Barry Sternlicht’s Starwood Loses Monmouth to Sam Zell’s EQC a Second Time


Sam Zell 2, Barry Sternlicht 0.

Even after Sternlicht’s Starwood Capital Group upped its all-cash offer to acquire industrial giant Monmouth Real Estate Investment Corporation a third time last week, Monmouth decided to stick with Zell’s Equity Commonwealth (EQC) offer.

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Monmouth announced on Monday night that, after “carefully” considering Starwood (STWD)’s latest offer, its board decided to remain with its original plan to be acquired by EQC.

“Our board carefully considered the revised proposal from Starwood and determined that the amended merger with EQC remains the best path forward to maximize value for shareholders,” Brian Haimm, the lead independent director of Monmouth, said in a statement. “As such, we are once again unanimously reaffirming our support of the EQC transaction, and recommending that stockholders vote ‘for’ the EQC transaction.”

The monthslong saga over Monmouth’s new owner started in May, when EQC agreed to pay $3.4 billion in an all-stock deal for the company, giving Zell a huge footprint in the red-hot industrial market. 

Starwood came in the next month with an anonymous, unsolicited cash offer of $18.70 per share for Monmouth, which it later raised to $18.88. However, Monmouth rejected the bid, in what Starwood called a “highly disappointing” move.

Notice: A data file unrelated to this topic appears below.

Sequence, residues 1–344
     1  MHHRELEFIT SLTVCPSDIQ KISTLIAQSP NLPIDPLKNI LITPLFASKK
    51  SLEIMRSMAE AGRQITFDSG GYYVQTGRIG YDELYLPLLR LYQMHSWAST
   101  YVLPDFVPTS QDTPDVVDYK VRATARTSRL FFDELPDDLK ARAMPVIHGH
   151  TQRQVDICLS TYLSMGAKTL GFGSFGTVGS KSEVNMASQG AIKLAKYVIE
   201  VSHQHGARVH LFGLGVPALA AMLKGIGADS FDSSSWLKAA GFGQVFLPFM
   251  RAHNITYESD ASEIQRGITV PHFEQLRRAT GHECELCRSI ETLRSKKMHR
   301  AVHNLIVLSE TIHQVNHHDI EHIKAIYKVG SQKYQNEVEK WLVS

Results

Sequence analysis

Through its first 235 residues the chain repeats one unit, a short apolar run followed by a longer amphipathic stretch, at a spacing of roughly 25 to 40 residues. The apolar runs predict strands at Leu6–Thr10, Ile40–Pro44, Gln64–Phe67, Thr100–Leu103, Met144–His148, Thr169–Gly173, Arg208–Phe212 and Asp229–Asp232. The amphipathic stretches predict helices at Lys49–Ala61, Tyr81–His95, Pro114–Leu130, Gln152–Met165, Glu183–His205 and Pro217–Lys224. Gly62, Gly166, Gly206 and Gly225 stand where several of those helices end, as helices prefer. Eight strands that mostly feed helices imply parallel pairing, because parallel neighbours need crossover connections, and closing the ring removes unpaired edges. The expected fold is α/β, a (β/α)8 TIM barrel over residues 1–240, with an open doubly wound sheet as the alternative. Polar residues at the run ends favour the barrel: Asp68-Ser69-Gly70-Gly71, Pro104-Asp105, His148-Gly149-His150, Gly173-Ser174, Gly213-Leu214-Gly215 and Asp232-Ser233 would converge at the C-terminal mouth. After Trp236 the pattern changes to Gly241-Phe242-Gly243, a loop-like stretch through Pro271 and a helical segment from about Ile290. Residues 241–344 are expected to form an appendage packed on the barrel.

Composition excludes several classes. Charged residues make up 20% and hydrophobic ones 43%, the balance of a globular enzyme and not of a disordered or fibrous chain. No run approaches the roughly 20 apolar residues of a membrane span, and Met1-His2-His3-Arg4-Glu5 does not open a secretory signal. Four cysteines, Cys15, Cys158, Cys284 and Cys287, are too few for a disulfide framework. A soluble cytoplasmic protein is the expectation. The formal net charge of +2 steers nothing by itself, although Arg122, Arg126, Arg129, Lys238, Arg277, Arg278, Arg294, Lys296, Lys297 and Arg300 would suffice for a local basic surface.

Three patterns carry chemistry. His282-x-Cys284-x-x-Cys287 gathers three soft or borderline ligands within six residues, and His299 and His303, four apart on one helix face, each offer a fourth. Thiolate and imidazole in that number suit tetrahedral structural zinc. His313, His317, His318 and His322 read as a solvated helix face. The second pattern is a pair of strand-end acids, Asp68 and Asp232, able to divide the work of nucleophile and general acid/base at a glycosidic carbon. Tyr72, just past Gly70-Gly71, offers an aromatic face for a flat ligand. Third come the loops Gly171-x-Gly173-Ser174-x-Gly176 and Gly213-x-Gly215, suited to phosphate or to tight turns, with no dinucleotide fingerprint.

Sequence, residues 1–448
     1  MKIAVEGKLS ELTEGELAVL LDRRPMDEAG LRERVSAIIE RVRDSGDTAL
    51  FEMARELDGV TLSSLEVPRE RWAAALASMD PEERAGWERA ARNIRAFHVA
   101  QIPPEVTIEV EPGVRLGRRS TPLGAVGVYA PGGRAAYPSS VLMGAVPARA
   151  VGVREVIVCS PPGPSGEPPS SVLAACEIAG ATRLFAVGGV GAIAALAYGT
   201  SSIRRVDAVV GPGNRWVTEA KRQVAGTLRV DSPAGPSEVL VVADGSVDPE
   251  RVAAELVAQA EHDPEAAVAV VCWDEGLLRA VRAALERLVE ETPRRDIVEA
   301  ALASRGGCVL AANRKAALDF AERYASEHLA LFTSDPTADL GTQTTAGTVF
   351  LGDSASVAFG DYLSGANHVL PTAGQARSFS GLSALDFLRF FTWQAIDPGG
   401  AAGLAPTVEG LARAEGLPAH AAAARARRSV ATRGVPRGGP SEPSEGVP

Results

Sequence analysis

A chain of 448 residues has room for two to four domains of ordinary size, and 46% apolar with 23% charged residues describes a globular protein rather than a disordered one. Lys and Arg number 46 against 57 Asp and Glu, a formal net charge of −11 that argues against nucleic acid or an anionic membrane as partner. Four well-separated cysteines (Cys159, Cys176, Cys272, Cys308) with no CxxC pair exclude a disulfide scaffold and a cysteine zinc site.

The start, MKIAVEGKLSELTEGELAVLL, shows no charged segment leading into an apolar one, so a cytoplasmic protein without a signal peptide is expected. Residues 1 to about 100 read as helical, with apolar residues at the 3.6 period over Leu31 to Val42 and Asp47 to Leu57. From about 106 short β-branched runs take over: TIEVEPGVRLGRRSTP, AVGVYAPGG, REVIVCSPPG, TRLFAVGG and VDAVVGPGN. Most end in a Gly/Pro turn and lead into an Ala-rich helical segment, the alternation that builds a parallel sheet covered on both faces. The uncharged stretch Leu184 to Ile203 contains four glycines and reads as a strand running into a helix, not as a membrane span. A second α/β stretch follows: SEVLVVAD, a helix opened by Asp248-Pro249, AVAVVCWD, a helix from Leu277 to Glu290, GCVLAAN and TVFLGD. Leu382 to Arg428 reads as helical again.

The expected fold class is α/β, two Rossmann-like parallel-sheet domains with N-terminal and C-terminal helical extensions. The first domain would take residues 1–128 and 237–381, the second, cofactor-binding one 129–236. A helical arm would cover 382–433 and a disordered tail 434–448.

But Sternlicht wasn’t the only person against EQC’s offer. Even though EQC slightly upped its bid, Institutional Shareholder Services (ISS) issued a report urging against the merger, saying that “there remains substantial uncertainty that the combined company will be able to execute on the post-transaction opportunities touted by [Monmouth’s] board.”

And last week, Monmouth investor Blackwells Capital — which also tried to acquire Monmouth earlier this year — announced its opposition to the EQC acquisition, arguing it “significantly undervalues” Monmouth and that EQC lacks an “industrial track record.”

Starwood then upped its bid to $19.93 per share, which, after Monmouth covered EQC’s $72 million breakup fee, would give Monmouth shareholders $19.20 per share.

But, even after the second defeat and three unrequited bids, Starwood said it was still ready to sign a deal to acquire Monmouth.

“The Monmouth board’s latest decision to not engage in discussions with Starwood is yet another action that deprives its own shareholders of receiving the higher and more certain value represented by our cash offer,” a Starwood spokesperson said in a statement. “The ISS recommendation against the transaction and continued shareholder opposition provides clear direction to the board that the EQC transaction is highly unlikely to gain the required supermajority approval and proceeding with a vote is not in the best interest of shareholders. Starwood stands ready to work with the Monmouth Board, sign the already-negotiated merger agreement it provided to Monmouth, and proceed quickly to finalize our proposed transaction.”

Monmouth’s shareholders will vote on the proposed EQC merger on Aug. 31 and it would need two-thirds of the vote for approval.

Nicholas Rizzi can be reached at